Global Policy Forum

Sierra Leone Peace Mission to Double in Size


By Jim Wurst

InterPress Service
February 7, 2000

United Nations - The peacekeeping mission in Sierra Leone will be doubled in size and given an aggressive mandate in order to take over from the West African peacekeeping force, which is leaving the country.

"The security situation in the country remains difficult, with a continued high level of ambushes, lawlessness and banditry," Hedi Annabi, the assistant secretary-general for peacekeeping, told the Security Council. He reported that humanitarian assistance to two-thirds of the country is limited by rebel activities, some rebel leaders are not allowing peacekeepers into areas under their control, most rebels are not reporting to disarmament camps and those who do turn up without weapons.

The Security Council has authorized a force of 11,100 troops, up from the current 6,000. But more importantly, the Council has given the mission an enlarged mandate to help enforce an extremely fragile cease-fire. The Council resolution, which was adopted unanimously, authorizes the UN Mission in Sierra Leone (UNAMSIL) to provide security at key sites including the capital of Freetown and major airports; "to facilitate the free flow of people, goods and humanitarian assistance;" to provide security at disarmament camps and to guard the weapons turned in at those sites; and to assist Sierra Leonian law enforcement officers.

Sierra Leone's representative, Ibrahim M'Baba Kamara told the Council the new mission "should allay some of our fears about the security of the state. The same applies to the Council decision to give - if not all - at least many of the functions being performed by ECOMOG." The UN force will replace ECOMOG - the Nigerian-led West African peacekeeping operation - which restored the elected government of Ahmed Tejan Kabbah in February 1998 and fought off (but not defeated) the rebel forces still operating in some parts of the country.

The primary anti-government forces are the Revolutionary United Front (RUF) and the Armed Forces Revolutionary Council which, under Johnny Paul Koroma, overthrew the Kabbah government in 1997. The RUF leader, Foday Sankoh, has been brought into the government, but his connections to the RUF field commanders is still ambiguous.

In December, President Olusegun Obasanjo of Nigeria said he would begin a phased withdrawal of Nigerian troops from the ECOMOG force in Sierra Leone. This withdrawal is to be completed by the end of February. Two other ECOMOG contributors, Ghana and Guinea, are also withdrawing their troops. This prompted Secretary-General Kofi Annan to recommend an increased UN force to take over ECOMOG responsibilities. About 2,000 of the Nigerians will be integrated into UNAMSIL. There are 4,830 UNAMSIL in the country. However, Annabi said, many of the troops lack "essential equipment" and that there were incidents when peacekeepers were "confronted by rebel elements, but did not respond in a satisfactory manner, thereby undermining the credibility of UNAMSIL." This is an apparent reference to reports of rebels taking the weapons of peacekeepers. UN spokesman Fred Eckhard said there have been three "confrontations" with the RUF, in which the rebels robbed two UN contingents and one ECOMOG unit of Guinean troops. At least 500 assault rifles were taken in this last incident. Eckhard noted that UNAMSIL will be authorized to defend itself against such attacks. "We do not expect to see these kinds of incidents again," he said.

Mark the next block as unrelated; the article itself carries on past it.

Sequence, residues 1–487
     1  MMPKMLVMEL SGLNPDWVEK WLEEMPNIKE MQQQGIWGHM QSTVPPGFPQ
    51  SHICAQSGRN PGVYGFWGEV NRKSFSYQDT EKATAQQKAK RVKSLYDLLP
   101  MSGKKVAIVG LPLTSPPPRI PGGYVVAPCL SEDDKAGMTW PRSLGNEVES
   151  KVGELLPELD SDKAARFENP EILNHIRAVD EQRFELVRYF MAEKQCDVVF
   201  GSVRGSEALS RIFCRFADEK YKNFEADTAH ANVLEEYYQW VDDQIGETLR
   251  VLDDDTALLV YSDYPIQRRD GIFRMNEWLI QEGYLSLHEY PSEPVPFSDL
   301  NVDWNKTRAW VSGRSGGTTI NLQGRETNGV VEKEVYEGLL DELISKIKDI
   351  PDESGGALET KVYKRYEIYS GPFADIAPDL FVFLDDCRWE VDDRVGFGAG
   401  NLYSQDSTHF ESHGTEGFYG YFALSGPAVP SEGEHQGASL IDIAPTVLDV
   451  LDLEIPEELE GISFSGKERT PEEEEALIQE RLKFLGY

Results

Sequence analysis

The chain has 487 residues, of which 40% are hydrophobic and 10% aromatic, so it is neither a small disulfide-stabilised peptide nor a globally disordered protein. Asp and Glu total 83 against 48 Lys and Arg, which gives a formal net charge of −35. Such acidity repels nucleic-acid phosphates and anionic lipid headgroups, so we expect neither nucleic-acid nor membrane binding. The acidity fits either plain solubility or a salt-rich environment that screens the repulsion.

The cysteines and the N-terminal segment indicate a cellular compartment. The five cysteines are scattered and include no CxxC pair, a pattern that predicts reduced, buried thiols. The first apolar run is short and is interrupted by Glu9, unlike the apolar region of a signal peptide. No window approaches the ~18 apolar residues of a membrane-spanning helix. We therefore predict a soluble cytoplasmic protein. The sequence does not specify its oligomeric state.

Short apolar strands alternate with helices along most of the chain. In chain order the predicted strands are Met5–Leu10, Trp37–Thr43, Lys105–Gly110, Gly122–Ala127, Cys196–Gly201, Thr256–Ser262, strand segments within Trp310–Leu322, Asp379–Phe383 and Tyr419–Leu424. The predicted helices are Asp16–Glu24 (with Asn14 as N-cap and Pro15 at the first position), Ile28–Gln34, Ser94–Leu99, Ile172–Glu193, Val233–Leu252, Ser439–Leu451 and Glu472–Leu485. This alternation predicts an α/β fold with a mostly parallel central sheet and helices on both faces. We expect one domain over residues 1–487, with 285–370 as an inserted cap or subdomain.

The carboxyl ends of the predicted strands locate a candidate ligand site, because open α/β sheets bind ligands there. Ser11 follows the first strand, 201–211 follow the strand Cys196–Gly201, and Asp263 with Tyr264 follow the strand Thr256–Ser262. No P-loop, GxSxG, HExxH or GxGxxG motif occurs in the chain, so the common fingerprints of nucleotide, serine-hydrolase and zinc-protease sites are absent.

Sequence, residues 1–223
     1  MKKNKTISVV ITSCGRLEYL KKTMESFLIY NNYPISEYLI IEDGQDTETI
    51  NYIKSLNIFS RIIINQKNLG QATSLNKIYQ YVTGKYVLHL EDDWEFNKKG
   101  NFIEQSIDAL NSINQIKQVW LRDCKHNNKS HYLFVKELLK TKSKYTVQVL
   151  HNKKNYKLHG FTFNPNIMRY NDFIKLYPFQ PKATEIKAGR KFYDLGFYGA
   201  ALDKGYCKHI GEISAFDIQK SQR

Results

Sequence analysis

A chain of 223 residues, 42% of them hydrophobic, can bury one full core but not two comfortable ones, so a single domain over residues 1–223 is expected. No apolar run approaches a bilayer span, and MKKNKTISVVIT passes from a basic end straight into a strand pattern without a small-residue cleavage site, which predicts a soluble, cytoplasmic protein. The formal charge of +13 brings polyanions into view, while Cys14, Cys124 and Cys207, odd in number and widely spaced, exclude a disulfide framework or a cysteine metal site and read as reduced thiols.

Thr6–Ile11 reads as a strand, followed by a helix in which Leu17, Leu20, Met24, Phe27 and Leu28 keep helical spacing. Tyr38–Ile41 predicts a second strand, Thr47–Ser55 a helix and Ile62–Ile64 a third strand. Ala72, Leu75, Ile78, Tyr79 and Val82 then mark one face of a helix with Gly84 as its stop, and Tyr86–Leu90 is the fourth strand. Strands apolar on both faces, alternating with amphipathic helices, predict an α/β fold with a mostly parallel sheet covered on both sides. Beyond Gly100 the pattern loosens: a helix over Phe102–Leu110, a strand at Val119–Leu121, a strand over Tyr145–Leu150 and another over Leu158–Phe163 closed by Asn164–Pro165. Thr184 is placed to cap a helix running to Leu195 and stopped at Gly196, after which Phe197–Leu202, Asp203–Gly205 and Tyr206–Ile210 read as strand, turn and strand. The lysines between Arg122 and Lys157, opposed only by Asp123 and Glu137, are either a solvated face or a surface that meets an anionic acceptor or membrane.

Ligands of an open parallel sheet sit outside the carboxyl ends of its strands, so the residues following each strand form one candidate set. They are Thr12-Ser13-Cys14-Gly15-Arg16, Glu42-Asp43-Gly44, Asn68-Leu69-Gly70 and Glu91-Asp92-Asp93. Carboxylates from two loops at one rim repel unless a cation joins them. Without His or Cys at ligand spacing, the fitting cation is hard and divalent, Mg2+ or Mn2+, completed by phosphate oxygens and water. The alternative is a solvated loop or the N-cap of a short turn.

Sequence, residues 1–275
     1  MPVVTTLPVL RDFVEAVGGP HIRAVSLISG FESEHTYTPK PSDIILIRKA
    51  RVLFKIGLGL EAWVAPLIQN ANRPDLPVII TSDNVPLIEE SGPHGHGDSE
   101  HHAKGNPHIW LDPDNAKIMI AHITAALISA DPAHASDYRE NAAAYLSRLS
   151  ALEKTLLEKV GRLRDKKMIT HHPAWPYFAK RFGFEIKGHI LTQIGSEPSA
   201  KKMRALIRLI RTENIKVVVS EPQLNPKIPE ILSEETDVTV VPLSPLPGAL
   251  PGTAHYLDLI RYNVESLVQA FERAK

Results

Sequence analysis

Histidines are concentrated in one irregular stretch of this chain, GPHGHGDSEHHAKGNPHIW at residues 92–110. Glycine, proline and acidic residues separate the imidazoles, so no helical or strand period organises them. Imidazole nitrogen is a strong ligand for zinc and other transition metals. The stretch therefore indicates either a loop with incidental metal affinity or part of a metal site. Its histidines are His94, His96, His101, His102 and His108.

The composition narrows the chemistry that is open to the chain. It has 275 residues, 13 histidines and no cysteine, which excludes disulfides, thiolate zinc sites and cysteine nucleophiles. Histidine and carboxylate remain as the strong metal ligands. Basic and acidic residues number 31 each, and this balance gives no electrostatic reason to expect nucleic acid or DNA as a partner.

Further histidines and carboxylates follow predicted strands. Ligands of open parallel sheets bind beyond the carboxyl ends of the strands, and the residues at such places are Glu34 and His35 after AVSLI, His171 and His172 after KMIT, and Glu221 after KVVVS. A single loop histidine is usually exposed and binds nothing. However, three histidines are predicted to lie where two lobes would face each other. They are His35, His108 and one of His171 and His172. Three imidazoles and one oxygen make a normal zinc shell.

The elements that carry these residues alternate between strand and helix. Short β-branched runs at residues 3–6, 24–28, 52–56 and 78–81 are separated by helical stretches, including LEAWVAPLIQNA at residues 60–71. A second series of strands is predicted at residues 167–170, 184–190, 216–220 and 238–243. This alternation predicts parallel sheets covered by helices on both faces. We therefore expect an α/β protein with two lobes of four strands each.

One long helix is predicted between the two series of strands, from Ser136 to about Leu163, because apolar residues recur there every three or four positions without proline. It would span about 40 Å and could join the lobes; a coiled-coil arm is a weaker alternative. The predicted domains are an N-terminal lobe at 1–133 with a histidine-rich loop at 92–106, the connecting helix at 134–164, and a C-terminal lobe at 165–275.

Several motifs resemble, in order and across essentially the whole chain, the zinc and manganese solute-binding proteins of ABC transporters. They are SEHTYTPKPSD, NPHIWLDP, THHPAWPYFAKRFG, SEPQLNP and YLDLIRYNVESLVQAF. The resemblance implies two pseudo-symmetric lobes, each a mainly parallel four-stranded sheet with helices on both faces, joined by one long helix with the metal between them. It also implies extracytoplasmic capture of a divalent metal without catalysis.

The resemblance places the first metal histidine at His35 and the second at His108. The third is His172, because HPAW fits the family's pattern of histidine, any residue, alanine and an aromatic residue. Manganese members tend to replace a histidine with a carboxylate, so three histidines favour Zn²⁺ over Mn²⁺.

Disarmament is supposed to work the other way around. According to the July 1999 peace accords, the 45,000 combatants are supposed to report to disarmament and reintegration camps where they turn in their weapons in exchange for assistance in resuming civilian life. Annabi says only 7,616 ex-combatants have reported and many of them come unarmed or carrying only a hand grenade.

As important as peace is to Sierra Leone, the mission has a special importance to the UN. When - if - the force is deployed in full, it will be by far the largest peacekeeping mission underway. The size reflects its assertive mandate, in which the UN takes an active role in calming a country, rather than watching others do it. Such ambitious goals has been rare in recent years. This contrasts with the planned mission for the Democratic Republic of Congo. At 11,100 troops, UNAMSIL will double the deployment for the Congo, reflecting the UN's limited goals of monitoring a multi-faceted peace agreement. The comparison in size is exactly the opposite: Congo is as large as the United States east of the Mississippi; Sierra Leone is slightly smaller than South Carolina. A failure in the smaller nation would not reflect well on the UN's abilities in the larger one.

More Information on Sierra Leone


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